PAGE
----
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“The family that kills together…” Sometimes it’s better to embrace one’s messed up family instead of turning one’s back on them, regardless of whatever faults they might possess. Even if your only remaining relative is a semi-psychopathic serial murderer, well, that’s still better than being miserable and alone. Debra has no choice but to stay with Dexter, realizing that she can’t imagine her life without him. Her decision to accept her brother for who he is and reconcile with him (even going so far as accompanying him on his quest to get rid of Yates) is a bit abrupt, especially since the show spends the first four episodes showcasing her intense struggle with Dexter. The sudden change in thinking slightly undermines her self-destructive, depressive phase and diminishes her personal experience in those times of difficulty. Certainly it hasn’t been an easy time for Debra; she’s obviously been going through a traumatic experience, and it wouldn’t be easy for anyone to get past such a crucial stage in his/her life, so to have her point of view shift so easily makes little sense. If this episode offered a hint of some conflict or struggle within Debra throughout the episode, some unease in hopping back on the Dexter bandwagon, then it wouldn’t be so jarring. The fact that the writers have Debra nonchalantly joking by the end of the episode and seeming generally unfazed by the events that transpire feels like they are in a hurry to neatly wrap up the story arc. It’s as if they thought, “Okay, we showed Debra going off the rails and being mad at Dexter, check. That was depressing. Let’s do the complete opposite now.” The series has so many episodes in which to narrate the story arc, but it could afford a couple episodes to show Debra’s transition in a more truthful way. A scene with her discussing the situation with Dr. Vogel would have been wholly welcomed; there is definitely material in the episode that could have been trimmed to make room for more Debra contemplation.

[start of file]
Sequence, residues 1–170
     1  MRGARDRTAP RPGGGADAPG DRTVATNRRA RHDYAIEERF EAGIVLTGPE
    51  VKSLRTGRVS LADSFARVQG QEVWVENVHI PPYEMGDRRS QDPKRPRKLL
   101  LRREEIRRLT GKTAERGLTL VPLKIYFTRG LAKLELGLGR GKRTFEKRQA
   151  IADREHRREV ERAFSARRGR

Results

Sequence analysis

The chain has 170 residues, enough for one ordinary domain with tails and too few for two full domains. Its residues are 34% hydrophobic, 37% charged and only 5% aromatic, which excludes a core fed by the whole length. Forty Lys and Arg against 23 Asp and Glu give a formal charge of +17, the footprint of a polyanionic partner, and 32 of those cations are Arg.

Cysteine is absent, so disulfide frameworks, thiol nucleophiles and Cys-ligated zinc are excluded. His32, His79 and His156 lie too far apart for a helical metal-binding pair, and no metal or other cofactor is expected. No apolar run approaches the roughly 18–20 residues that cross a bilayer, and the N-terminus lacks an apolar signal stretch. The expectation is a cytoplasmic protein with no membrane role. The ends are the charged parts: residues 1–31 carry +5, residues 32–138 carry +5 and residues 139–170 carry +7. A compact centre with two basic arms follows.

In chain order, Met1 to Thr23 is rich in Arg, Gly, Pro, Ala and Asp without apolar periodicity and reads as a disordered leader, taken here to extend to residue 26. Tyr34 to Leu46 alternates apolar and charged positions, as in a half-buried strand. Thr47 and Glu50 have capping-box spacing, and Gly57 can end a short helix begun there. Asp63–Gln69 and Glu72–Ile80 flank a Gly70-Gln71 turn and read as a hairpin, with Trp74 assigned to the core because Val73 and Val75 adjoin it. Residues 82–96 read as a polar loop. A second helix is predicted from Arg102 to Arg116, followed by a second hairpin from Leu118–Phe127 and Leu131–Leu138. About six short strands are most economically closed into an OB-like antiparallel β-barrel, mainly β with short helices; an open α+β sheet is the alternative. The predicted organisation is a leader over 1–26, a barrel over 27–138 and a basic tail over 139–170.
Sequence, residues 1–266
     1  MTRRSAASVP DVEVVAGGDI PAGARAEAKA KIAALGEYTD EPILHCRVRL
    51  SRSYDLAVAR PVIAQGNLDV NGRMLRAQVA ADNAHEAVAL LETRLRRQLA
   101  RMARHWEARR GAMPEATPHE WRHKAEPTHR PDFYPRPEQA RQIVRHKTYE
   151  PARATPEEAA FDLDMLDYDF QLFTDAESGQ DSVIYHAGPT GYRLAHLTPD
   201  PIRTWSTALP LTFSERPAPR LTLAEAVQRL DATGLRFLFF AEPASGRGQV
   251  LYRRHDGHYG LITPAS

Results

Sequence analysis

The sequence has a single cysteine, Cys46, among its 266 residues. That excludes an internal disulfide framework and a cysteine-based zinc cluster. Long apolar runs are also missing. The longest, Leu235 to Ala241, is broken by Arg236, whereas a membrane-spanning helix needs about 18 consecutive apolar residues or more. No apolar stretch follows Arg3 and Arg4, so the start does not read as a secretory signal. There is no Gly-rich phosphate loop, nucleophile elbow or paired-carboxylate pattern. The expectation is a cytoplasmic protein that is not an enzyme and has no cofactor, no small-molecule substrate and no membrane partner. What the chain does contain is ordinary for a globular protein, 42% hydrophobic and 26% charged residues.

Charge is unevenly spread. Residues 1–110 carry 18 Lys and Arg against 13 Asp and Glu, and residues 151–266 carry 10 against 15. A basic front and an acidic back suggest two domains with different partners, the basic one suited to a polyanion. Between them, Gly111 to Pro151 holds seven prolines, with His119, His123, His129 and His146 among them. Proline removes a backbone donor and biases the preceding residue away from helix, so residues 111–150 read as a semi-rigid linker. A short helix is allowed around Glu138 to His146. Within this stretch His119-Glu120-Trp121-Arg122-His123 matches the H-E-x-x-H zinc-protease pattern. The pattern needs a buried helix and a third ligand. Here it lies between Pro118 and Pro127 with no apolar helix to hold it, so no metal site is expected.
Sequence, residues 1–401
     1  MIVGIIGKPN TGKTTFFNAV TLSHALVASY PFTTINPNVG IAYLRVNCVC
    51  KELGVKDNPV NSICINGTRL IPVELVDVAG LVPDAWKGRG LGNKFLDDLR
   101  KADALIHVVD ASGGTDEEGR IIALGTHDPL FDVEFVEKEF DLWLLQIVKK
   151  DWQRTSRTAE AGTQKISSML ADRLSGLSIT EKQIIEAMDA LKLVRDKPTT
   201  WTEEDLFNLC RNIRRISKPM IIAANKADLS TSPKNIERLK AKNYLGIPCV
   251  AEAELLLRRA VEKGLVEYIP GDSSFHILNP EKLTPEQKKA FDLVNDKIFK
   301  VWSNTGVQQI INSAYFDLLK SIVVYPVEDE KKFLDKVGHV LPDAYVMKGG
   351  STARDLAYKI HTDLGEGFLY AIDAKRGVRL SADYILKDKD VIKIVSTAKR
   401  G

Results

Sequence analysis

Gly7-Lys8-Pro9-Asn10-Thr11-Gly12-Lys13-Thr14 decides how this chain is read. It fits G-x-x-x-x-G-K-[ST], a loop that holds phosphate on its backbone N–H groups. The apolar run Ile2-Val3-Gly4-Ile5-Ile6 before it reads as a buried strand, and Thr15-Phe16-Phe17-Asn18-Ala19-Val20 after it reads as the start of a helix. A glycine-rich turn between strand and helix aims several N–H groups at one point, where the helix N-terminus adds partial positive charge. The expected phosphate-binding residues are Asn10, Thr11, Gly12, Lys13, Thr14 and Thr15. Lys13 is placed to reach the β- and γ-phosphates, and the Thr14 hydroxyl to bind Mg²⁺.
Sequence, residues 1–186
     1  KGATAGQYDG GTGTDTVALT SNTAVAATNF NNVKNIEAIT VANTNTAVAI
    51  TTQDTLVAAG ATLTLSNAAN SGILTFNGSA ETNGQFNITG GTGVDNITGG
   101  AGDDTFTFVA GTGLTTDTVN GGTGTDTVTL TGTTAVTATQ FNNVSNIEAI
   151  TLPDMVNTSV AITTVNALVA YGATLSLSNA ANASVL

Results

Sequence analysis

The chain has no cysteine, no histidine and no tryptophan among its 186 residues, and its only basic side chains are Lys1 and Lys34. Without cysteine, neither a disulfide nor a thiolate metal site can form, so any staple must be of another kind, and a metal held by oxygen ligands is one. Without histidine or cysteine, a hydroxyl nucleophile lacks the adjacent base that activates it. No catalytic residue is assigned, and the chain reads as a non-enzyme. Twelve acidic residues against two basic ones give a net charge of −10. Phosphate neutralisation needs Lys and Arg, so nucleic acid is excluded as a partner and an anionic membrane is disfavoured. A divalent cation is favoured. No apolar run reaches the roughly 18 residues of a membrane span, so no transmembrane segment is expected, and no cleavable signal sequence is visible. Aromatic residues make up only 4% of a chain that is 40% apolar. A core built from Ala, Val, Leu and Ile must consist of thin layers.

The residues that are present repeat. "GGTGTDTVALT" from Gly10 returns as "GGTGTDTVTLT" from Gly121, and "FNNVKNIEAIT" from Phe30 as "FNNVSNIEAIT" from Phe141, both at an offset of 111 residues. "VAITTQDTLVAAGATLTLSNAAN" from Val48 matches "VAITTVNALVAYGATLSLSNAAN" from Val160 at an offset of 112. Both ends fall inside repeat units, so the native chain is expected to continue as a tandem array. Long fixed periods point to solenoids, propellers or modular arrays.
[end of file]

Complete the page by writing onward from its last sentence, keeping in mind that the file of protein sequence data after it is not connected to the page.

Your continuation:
The episode does open with the Morgan siblings at odds in a great therapy session scene. The aftermath of last week’s car crash is still fresh, and Dexter is not having any of Debra’s shit. It is greatly amusing to watch Dexter be all high and mighty and feign moral superiority over poor Debra. I’d expected his hurt to manifest itself as more sad and crushed instead of righteously indignant. He really lays on the guilt trip (though I agree that the important part is that she did NOT let him die) and is openly antagonistic to both Deb and Dr. Vogel. Michael C. Hall expertly weaves through the scene ranging from slightly crazed “I’m stupid that way, my brain is limited. So when my sister tries to kill me it doesn’t make sense,” to bitter and nasty. And has there ever been a better therapy session opener than: “Debra, it seems that you tried to kill Dexter as well as yourself”? Charlotte Rampling’s casual delivery of that line is absolute perfection. She continues to play Dr. Vogel with an intriguing ambiguity that is always compelling. If one takes the events of this episode at face value, assuming that Yates was the brain-scooping killer and Dr. Vogel an innocent victim in this whole ordeal, then it seems that her story has likely come to an end. Rampling has been a great highlight of the season and it would be great if the writers could justify a way to keep her around a bit longer. There is still some suspicion surrounding the character, so it won’t be surprising if Vogel makes her way back or simply remains in the narrative. It doesn’t feel like the writers are saying goodbye to the character, especially in the final scene of the hour in which Dexter communicates that he considers Vogel like family.